Jerusalem was not Israel’s first capital. Shiloh was-for at least a century.

A high plains village nearly half a mile above sea level and thirty miles north of Jerusalem, in Israel’s hill country, Shiloh was where Joshua and the Israelites pitched the tent of God, or the worship center called the tabernacle. This is where the Israelites came to offer sacrifices to God and to celebrate religious holidays.

Samuel’s infertile mother went there with her husband on just such an occasion. That’s when she asked God for a son-vowing to return the boy to full-time service for God. Samuel was born within the year, and after he was weaned from breast milk, he was brought to the Shiloh priest to serve at the worship center.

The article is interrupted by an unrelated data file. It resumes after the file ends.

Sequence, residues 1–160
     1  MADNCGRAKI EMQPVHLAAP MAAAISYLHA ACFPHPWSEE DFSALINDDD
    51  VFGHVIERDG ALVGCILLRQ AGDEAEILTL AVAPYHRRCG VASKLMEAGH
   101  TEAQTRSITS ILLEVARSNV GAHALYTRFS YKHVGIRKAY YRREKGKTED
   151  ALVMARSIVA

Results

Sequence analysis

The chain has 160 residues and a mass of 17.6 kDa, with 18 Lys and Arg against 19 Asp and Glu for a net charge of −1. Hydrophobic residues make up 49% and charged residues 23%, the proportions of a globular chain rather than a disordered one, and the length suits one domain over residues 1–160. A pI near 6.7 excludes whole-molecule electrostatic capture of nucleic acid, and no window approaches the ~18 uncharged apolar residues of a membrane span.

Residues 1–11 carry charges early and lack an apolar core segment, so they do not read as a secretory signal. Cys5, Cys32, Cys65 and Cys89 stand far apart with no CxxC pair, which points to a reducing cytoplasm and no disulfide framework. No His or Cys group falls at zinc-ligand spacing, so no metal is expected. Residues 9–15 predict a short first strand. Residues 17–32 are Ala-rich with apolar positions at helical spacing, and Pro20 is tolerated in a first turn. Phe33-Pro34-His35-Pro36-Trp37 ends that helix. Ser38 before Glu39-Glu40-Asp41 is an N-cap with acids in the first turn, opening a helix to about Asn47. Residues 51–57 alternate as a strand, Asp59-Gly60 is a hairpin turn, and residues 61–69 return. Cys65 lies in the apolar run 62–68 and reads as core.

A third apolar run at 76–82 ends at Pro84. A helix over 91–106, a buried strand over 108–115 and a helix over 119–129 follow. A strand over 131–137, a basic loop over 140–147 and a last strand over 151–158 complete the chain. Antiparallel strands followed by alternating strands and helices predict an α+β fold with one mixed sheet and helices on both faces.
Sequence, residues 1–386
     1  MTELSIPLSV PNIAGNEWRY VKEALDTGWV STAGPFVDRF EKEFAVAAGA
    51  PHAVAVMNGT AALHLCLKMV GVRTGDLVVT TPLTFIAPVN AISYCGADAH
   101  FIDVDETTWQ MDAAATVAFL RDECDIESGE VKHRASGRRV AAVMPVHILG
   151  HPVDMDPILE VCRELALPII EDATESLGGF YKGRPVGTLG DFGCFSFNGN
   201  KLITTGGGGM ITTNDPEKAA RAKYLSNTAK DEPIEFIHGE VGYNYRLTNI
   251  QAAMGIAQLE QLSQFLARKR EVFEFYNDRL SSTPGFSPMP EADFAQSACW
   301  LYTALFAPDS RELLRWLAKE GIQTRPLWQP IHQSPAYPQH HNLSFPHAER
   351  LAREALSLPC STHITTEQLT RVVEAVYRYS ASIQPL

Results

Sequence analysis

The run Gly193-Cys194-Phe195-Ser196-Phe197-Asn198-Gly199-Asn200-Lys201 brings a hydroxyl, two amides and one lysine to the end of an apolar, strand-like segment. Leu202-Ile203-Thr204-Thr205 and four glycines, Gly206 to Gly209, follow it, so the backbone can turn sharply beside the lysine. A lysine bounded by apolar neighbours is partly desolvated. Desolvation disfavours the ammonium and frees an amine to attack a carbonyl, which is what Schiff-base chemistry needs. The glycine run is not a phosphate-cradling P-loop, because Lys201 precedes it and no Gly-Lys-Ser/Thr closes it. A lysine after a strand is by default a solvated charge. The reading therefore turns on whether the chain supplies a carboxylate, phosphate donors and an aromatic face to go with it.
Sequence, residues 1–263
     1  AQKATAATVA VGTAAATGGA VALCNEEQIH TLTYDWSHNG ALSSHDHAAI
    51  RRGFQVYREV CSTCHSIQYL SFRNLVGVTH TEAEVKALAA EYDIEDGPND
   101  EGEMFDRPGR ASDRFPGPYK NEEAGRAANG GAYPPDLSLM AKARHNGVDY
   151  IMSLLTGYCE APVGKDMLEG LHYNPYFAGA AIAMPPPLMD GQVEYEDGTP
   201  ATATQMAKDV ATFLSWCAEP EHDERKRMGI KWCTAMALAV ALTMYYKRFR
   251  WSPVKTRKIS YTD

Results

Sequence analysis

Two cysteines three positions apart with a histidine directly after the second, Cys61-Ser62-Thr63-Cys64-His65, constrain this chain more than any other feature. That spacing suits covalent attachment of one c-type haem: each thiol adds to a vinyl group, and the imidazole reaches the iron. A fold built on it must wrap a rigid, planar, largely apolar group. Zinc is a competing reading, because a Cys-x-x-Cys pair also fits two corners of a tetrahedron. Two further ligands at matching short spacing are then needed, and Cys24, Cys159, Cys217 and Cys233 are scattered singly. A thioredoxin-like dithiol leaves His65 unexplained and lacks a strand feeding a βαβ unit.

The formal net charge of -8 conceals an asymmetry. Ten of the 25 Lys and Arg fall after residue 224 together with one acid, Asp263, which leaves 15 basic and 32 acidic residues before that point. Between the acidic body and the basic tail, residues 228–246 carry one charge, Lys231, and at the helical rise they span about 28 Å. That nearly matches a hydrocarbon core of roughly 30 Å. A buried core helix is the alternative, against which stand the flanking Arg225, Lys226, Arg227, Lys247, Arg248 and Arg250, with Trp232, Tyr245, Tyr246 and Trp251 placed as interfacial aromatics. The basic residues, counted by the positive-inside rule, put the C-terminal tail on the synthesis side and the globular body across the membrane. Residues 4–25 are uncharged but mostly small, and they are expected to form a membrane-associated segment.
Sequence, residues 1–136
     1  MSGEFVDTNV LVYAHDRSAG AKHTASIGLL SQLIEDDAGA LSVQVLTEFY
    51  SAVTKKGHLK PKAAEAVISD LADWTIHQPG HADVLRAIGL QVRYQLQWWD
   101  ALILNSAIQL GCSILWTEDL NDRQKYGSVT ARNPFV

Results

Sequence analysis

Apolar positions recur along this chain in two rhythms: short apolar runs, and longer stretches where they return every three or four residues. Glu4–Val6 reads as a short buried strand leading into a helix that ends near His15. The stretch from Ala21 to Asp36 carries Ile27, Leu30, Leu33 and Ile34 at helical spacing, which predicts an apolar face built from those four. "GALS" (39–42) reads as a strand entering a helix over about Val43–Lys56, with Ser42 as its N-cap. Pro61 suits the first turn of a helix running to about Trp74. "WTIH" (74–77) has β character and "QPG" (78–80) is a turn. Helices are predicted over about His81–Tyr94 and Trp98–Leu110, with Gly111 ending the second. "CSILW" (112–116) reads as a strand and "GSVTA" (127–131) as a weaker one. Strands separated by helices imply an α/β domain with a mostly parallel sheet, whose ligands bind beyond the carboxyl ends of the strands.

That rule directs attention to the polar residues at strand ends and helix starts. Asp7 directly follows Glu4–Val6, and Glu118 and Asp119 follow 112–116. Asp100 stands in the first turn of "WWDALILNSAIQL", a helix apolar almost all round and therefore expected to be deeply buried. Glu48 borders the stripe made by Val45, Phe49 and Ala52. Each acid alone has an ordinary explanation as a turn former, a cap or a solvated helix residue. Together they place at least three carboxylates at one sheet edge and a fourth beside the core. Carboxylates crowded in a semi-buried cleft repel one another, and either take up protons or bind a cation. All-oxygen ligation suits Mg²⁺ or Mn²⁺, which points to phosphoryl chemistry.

Shiloh is where Joshua divided the land of Israel among the tribes and where the Israelites met in times of crisis.

The Philistines apparently destroyed the village and worship center after routing the Israelite army, killing the priest’s two sons, and capturing Israel’s sacred chest that contained the Ten Commandments. The Philistines later returned the chest because it caused a plague wherever it went. With Shiloh gone, the chest was kept in storage until David brought it to his new capital in Jerusalem.

What’s left of Shiloh is a seven-acre mound of ruins known as Seilun. Archaeological evidence seems to support the theory that the Philistines destroyed it in about 1050 BC.

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